BasicConstraints Back Then
In one week it will have been 9 years since I first published sslsniff — way back in 2002! While sslsniff has evolved to be a general-purpose MITM tool for SSL connections, I originally published it as a proof of concept exploit for the BasicConstraints vulnerability that I released along with it.
The vulnerability was that, back then, nobody really validated certificate chains correctly. Webkit browsers, as well as the Microsoft CryptoAPI (and by extension Internet Explorer, Outlook ,etc…), validated all the signatures in a certificate chain, but failed to check whether the intermediate certificates had a valid CA BasicConstraints extension set. This meant that you could take any old CA-signed certificate and use it to sign any other certificate.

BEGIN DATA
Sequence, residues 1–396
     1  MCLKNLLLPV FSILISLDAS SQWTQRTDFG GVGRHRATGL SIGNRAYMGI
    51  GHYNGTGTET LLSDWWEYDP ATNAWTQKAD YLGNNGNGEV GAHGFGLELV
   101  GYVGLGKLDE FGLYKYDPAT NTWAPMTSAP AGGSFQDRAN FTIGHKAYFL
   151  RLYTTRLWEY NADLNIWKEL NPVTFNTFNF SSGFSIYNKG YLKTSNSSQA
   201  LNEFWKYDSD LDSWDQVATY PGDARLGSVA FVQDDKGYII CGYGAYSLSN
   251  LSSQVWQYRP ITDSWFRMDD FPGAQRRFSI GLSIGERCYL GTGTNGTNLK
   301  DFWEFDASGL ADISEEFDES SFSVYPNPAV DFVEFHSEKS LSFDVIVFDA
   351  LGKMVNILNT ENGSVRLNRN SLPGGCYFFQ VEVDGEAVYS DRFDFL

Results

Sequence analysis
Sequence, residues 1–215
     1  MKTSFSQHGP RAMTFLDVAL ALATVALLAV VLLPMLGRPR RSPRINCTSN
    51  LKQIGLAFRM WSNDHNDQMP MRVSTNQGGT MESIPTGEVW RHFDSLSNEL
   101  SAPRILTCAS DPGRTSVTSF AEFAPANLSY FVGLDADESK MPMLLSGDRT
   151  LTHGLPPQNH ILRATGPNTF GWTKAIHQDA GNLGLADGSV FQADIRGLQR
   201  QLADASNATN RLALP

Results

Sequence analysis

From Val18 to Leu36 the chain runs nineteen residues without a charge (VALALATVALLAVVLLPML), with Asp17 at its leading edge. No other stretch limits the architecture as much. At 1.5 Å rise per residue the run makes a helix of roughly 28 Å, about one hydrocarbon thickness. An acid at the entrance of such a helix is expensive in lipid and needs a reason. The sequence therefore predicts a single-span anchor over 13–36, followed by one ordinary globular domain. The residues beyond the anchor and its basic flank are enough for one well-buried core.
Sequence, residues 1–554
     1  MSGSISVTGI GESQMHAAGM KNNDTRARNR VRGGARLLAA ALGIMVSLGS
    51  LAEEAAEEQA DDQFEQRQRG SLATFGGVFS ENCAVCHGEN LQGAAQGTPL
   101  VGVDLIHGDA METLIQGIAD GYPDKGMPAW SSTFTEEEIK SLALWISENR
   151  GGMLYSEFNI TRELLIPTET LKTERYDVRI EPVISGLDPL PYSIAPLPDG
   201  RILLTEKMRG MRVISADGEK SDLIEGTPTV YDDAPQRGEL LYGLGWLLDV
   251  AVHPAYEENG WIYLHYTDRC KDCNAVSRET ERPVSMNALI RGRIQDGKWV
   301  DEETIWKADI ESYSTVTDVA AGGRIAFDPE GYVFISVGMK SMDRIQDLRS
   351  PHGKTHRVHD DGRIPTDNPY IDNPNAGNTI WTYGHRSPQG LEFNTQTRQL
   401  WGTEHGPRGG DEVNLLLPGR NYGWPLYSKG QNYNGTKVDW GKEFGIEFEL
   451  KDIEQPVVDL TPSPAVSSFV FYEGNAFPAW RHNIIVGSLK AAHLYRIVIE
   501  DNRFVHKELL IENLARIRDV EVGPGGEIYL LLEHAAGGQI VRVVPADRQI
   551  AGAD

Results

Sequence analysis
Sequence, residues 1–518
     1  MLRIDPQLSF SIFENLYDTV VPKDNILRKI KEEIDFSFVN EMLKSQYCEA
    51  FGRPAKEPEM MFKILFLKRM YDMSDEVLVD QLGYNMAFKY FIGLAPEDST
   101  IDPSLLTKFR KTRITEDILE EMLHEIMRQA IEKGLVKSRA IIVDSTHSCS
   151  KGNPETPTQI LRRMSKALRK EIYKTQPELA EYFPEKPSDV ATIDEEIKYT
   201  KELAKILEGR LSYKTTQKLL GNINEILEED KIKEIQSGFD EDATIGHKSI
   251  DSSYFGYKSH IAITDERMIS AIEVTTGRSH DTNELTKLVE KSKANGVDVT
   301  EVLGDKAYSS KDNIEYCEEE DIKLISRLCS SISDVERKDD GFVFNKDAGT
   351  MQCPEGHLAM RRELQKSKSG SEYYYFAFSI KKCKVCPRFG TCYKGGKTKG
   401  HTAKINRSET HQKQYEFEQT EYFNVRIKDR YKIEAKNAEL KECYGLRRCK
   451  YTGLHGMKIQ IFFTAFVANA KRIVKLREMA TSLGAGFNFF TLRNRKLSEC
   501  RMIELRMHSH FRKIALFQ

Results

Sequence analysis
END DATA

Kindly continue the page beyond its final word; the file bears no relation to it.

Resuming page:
In other words, if you bought a valid certificate for your website, what you got was the equivalent of a CA certificate. You could use it to create a valid signature for any other website, and (naturally) intercept SSL traffic.
Today, Gregor Kopf and Paul Kehrer released an advisory for iOS, announcing that it is also vulnerable to the BasicConstraints attack. Since this is the anniversary of the bug that prompted the release of sslsniff to begin with, I’ve updated it to add iOS fingerprinting support. To intercept traffic from vulnerable iPhones, simply run:
sslsniff -a -c <path/to/your/certificate> -f ios -h <httpPort> -s <sslPort> -w iphone.log
- Stay in touch,